Leslie HReviewed in the United States on June 25, 2021
5.0 out of 5 stars
Loss, Suffering, Healing, Understanding!
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These are the components of life so beautifully portrayed in this film. This is a little like drawing still shots, binding them together, then using your thumb to bend a side of the pages making time move forward creating time itself. The time of mankind in which we learn to show mercy toward those in life who are formed through differences and suffering. Time to think and ask questions before we judge those less competent than those who have been handed everything on a silver platter, such as a perfect mind and body. May we always remember the second command of Christ, Love your neighbor as yourself! Funny, quirky and well acted!!!
Artsy FartsyReviewed in the United States on January 13, 2019
5.0 out of 5 stars
A Must See
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SO much about this movie is RIGHT ! I loved everything about it and all the loveliness of the friendship between Harriet and Ricky . It was very moving to say the least . I loved how genuine and heartfelt the friendship was . It reminds me that friendships can be as unique as people are and they can be found in the most uncanny places with people you would least expect . This movie had a lot of heart~ I LOVED it !
2 people found this helpful
TulliaReviewed in the United States on May 10, 2018
5.0 out of 5 stars
A Poignant Film
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This is a poignant tale about a ten-year old girl, Harriet, played by Evan Rachel Wood, and an intellectually challenged man, Ricky, played by Kevin Bacon, who become fast friends. Harriet's family runs a motel to which Ricky and his mother come to and stay for about a week. Ricky's mother is on her way to admitting Ricky to a home for special-needs adults. Harriet's family objects to her growing relationship with Ricky. Yet, the relationship is so meaningful it touches your heart. At one point, the two run away together.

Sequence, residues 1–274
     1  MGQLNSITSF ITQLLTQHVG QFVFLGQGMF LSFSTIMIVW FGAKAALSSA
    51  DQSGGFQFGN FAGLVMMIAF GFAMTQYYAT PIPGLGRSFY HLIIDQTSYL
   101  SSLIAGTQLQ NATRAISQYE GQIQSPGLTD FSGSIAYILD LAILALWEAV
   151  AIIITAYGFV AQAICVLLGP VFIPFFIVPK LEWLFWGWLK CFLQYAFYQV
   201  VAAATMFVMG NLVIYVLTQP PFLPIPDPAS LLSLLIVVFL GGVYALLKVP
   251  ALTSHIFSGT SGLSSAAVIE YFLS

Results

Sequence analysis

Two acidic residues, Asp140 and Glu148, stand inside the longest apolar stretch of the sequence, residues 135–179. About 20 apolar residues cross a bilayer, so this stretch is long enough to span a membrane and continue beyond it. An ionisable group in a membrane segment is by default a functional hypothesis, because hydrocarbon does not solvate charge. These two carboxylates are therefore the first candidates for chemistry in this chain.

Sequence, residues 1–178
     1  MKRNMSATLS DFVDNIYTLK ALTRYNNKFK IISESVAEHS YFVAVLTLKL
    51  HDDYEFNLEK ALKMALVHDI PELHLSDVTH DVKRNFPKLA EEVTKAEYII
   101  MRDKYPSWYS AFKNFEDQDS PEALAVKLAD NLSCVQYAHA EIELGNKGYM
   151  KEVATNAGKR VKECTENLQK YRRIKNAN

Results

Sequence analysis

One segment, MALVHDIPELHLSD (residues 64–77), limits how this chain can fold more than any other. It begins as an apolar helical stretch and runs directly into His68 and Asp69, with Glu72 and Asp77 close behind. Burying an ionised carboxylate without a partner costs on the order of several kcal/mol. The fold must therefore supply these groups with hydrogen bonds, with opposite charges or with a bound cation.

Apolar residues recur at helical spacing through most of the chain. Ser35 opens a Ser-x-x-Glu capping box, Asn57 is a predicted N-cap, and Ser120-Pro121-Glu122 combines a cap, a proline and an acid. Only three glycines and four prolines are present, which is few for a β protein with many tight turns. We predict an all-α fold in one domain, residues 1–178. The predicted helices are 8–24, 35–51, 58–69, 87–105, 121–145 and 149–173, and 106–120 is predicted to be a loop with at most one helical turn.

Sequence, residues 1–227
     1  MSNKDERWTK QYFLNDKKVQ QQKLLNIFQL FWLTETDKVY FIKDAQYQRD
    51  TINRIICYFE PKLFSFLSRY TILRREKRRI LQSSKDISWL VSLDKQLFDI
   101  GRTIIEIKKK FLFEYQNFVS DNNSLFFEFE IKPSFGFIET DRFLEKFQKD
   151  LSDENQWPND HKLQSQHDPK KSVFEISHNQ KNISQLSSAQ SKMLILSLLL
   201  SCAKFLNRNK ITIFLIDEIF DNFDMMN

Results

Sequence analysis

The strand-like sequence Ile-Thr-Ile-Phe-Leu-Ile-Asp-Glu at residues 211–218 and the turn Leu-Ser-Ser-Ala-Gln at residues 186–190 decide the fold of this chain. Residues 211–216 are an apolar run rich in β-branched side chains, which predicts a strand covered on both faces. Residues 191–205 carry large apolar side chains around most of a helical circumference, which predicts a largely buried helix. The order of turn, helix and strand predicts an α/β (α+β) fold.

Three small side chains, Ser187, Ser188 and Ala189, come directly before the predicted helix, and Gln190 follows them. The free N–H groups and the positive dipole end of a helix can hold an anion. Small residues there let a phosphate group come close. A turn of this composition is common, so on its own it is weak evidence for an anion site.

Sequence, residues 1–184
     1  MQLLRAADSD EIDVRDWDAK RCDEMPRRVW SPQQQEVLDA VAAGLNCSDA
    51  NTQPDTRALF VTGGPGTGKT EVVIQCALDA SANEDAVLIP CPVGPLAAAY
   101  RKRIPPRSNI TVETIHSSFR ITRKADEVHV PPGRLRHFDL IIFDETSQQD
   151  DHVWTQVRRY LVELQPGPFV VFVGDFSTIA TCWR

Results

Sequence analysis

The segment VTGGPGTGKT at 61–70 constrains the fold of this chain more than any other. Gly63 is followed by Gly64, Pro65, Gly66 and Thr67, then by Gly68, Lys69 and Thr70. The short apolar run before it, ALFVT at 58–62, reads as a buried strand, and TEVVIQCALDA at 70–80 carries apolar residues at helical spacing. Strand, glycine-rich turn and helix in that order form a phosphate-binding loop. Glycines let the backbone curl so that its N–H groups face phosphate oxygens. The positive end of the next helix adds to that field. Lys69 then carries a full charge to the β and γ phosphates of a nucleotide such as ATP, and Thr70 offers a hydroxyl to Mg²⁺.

Evan Rachel Wood puts in a fine performance as the feisty, curious, bright, wondrous ten-year old Harriet. But it is Kevin Bacon who is truly outstanding as the intellectually challenged young man. He evokes sympathy. He imparts compassion. He plays this part superbly. He captures the essence of a physically challenged and intellectually challenged young man and expresses his conflicts and pains. He should have received an award for this film.

I enthusiastically recommend this film.
Kindle CustomerReviewed in the United States on February 26, 2015
5.0 out of 5 stars
This is a winner
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Very moving! The wholesomeness of their relationship was totally lost on the sister/mother. I loved the portrayal of innocent purity in both of the lead actors. The simple joys of childhood and the difficult situations of their life: she having lost her dysfunctional but loving mother, and he with the desparate longing not to have to go to a home. It was so wonderful for both of them to have the time of closeness and the bond of acceptance before they both had to accept their life circumstances. One can image that the richness of their relationship strengthened them and never left them.
15 people found this helpful
xocotlReviewed in the United States on June 16, 2016
5.0 out of 5 stars
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PURE and innocent.True friendship knows no boundaries.The characters face their respective emerging growth.Sure there are pitfalls,as humans are expected to be imperfect.Recommended for family viewing. There are lots of values that can be learned from this movie.There should be a mature person who should be around youngsters though.Great portrayals of every character.Kevin Bacon nailed it again.Everyone including Harriet,the girl,is very spontaneous and natural in acting.AWESOME FILM!
4 people found this helpful